The Cerro La Mina prospect, located in the Los Menucos area, Argentina, is currently being explored for epithermal gold mineralization. Triassic-Jurassic hydrothermal activity produced intense alteration of rhyolites, andesites, ignimbrites, and tuffs of the Late Triassic Los Menucos Group, in the Somún Curá Massif. A detailed surface map of the principal alteration assemblages at Cerro La Mina was produced employing field mapping, supported by short-wave infrared (SWIR) field spectroscopy, petrography, X-ray diffraction (XRD), and scanning electron microscopy (SEM).

Advanced argillic, argillic, and silicic alteration zones and their internal mineral assemblage variations were recognized at Cerro La Mina. The silicification consists of massive bodies of fine-grained quartz and minor vuggy quartz, locally containing disseminated aggregates of pyrite, and rutile. Advanced argillic alteration of magmatic-hydrothermal origin occurs adjacent to the silicic alteration zones and can be subdivided into three mineral assemblages: (1) stage 1 alunite + quartz ± dickite ± kaolinite ± pyrophyllite ± diaspore ± rutile ± pyrite ± barite; (2) dickite + kaolinite ± pyrophyllite ± diaspore ± pyrite ± barite; and (3) dickite + quartz ± diaspore. The advanced argillic and silicic alteration grades to argillic alteration, comprising three mineral assemblages: (1) kaolinite ± dickite ± quartz ± illite ± smectite; (2) kaolinite ± illite ± smectite ± ferroan clinochlore; and (3) illite ± quartz ± muscovite ± kaolinite. Supergene alteration, which locally overprints the prior alteration zones, consists of jarosite + hematite + goethite ± stage 2 alunite ± aluminum phosphate sulfate (APS) ± poorly crystalline kaolinite.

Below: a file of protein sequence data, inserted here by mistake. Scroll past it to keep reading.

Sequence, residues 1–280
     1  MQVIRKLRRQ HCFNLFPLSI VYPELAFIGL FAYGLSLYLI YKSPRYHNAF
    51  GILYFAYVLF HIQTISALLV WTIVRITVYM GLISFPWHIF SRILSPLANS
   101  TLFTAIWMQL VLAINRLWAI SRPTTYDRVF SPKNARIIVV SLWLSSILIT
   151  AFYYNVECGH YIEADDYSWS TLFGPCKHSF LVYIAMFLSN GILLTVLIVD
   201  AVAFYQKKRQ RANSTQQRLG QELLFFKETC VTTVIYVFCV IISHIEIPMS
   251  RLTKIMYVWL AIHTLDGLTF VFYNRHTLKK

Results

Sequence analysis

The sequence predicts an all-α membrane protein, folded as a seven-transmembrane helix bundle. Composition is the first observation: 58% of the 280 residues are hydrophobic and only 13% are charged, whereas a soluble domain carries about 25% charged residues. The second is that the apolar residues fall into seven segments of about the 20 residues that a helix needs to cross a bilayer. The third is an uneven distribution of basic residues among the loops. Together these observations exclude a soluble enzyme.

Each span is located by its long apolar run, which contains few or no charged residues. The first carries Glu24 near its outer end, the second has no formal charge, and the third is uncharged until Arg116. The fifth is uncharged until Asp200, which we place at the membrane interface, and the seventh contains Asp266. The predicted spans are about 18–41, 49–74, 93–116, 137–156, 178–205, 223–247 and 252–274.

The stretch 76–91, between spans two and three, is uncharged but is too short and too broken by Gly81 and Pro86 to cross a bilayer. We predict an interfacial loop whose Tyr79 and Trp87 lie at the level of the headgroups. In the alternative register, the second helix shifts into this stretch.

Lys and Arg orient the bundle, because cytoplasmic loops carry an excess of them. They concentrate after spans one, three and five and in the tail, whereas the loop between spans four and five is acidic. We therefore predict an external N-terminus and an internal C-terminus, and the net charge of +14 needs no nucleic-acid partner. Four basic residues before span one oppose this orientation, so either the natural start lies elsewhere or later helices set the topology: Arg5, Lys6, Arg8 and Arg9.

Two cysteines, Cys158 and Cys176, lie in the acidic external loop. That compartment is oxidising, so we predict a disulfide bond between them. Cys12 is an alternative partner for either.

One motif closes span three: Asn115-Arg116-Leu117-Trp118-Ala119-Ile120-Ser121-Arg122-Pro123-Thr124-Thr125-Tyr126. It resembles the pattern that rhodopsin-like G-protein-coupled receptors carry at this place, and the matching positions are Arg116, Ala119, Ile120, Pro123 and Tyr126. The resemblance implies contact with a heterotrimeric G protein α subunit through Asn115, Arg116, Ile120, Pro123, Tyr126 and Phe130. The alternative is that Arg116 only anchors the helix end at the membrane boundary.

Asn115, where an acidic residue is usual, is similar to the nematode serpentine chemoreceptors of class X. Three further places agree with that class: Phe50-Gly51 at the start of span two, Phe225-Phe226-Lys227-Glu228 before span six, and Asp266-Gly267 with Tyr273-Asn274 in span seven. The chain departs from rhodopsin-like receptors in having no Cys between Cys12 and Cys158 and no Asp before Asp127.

Consistent discrimination of the main alteration minerals of this prospect was also achieved by means of satellite multispectral remote sensing. The application of image processing techniques, specifically designed for mineral mapping, to selected spectral bands of the Terra/ASTER multispectral sensor resulted in a detailed alteration map for the entire prospect. Comparison between the results achieved through remote sensing with field data on the Cerro La Mina confirmed the accuracy of the former.

The silicification and minor vuggy quartz, the abundant dickite, and the coarse-grained hypogene alunite, among other advanced argillic alteration assemblages, suggest that Cerro La Mina corresponds to a volcanic-hydrothermal leached environment, possibly controlled by permeable lithological units. These characteristics led us to interpret this prospect as a possible lithocap similar to those that typically host subsequent high-sulfidation mineralization.

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